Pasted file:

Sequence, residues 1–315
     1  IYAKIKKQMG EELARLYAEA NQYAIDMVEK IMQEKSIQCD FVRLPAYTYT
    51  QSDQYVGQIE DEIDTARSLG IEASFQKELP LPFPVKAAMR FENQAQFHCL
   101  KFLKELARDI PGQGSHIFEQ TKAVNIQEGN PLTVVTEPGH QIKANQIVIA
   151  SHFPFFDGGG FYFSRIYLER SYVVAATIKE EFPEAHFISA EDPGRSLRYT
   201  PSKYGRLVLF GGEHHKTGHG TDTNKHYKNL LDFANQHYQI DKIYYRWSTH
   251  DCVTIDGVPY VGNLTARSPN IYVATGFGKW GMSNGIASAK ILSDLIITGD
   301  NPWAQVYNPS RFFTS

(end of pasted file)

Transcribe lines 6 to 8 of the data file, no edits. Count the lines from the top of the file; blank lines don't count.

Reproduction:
   201  PSKYGRLVLF GGEHHKTGHG TDTNKHYKNL LDFANQHYQI DKIYYRWSTH
   251  DCVTIDGVPY VGNLTARSPN IYVATGFGKW GMSNGIASAK ILSDLIITGD
   301  NPWAQVYNPS RFFTS